In a week-long series, The Spinoff has devoted its attention to climate change: sponsored by Al Gore’s new movie, An Inconvenient Sequel.
Kicking off with a review of the movie, which follows Gore in the countdown to the Paris climate summit in December 2015, Simon Wilson says it takes a more personal approach compared to the educational tool of its predecessor.
An interview with Dr Jan Wright, the outgoing Parliamentary Commissioner for the Environment, reflected on her ten years in the role. She said while “environment by its nature is a bit doom and gloom” she had seen changes during her tenure.
Dr Wright has recently advocated for an independent climate change commission, which she says is crucial to ensure stability across successive governments. “It’s really important because of its inter-generational nature. Before Paris we will have five different governments, and you can’t just chop and change every three years, it’d be nuts.”
Profiling five journalists who have been covering climate change in New Zealand highlighted challenges in what’s been called one of the hardest stories to tell.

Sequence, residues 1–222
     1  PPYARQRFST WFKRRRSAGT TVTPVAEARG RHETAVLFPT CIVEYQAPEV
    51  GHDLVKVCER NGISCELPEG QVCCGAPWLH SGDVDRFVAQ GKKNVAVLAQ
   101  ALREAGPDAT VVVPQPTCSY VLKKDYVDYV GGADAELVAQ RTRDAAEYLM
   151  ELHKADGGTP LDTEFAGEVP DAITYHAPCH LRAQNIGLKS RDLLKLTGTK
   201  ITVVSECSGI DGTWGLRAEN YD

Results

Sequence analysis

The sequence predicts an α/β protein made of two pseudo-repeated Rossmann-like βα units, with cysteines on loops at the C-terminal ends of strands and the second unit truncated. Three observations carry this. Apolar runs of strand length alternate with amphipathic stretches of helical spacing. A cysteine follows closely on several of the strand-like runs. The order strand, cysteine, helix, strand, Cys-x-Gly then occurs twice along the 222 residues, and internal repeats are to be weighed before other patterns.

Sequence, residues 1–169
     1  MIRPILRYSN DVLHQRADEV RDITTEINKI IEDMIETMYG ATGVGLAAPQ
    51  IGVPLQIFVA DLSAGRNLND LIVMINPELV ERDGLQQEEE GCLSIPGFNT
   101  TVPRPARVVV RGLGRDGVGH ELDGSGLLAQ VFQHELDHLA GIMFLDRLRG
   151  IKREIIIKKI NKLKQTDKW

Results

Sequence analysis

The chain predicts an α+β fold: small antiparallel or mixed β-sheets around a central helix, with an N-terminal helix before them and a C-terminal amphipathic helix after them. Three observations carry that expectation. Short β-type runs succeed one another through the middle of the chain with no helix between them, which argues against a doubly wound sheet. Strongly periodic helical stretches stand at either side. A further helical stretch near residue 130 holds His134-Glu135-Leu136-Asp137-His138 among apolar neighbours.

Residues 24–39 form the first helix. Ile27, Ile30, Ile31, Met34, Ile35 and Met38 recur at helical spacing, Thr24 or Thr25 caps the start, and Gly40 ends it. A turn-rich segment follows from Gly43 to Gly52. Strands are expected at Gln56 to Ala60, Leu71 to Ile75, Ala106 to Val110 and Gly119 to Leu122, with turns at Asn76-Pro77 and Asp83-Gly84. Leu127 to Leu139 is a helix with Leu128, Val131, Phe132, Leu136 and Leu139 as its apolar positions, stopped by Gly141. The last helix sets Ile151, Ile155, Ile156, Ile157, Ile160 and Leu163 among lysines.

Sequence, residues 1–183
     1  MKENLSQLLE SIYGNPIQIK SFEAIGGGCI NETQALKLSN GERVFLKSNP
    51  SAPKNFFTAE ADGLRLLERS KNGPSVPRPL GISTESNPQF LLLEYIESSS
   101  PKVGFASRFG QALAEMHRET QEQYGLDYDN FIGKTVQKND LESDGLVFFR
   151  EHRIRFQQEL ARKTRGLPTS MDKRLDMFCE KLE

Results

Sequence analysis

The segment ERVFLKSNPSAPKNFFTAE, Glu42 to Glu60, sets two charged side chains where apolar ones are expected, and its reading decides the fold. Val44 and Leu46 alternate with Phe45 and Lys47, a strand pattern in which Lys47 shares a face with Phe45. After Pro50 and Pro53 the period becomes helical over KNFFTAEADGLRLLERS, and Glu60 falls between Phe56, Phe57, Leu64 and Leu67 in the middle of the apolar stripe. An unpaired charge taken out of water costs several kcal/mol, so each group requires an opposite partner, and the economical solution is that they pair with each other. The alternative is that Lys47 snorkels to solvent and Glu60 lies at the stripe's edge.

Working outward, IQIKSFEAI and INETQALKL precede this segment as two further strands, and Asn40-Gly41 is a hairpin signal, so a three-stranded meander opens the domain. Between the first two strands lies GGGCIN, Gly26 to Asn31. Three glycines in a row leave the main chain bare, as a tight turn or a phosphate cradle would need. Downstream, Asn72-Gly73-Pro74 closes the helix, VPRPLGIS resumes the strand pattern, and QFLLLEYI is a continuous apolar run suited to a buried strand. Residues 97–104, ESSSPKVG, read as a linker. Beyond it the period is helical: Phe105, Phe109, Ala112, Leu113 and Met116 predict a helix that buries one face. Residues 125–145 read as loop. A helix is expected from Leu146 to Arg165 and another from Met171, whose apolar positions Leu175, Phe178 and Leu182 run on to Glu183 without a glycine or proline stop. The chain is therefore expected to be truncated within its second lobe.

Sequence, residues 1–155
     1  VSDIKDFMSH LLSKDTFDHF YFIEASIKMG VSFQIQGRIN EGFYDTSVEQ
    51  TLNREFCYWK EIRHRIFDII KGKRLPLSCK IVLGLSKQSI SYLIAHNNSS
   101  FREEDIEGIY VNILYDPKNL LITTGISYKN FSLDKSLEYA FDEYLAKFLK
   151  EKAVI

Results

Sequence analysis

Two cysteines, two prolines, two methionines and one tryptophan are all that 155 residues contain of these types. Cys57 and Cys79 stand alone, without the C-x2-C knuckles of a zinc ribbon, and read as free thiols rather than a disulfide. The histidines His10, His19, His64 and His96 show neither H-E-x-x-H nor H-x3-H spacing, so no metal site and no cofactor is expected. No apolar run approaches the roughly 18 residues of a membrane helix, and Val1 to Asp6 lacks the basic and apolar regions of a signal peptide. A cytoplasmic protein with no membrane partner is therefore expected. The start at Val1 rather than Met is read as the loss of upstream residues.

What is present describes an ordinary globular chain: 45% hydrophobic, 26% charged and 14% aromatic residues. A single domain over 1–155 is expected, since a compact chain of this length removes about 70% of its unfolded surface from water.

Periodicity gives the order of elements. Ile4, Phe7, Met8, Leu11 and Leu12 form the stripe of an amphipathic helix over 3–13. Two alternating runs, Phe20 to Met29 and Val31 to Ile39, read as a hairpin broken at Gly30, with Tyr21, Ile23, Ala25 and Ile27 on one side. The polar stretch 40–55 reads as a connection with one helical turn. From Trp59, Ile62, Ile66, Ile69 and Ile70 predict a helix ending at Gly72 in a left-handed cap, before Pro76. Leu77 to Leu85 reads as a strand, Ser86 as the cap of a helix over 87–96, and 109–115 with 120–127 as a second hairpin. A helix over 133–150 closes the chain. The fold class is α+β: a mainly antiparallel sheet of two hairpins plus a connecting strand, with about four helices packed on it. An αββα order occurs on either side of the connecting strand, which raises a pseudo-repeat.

Science journalist and NZ editor of The Conversation Veronika Meduna said climate change stories “are up against human psychology, which makes us resist change and care less about less imminent dangers”.
NZ Geographic co-founder Kennedy Warne agreed that the long-term implications lulled the public into a false sense of security. “In telling climate stories today, media have to break through that fog of complacency,” he said.
“A further challenge is that climate change is the classic slow-onset threat. Humans are hardwired to pay attention to sudden disasters, not gradual ones.”
The full climate change week series is available at The Spinoff.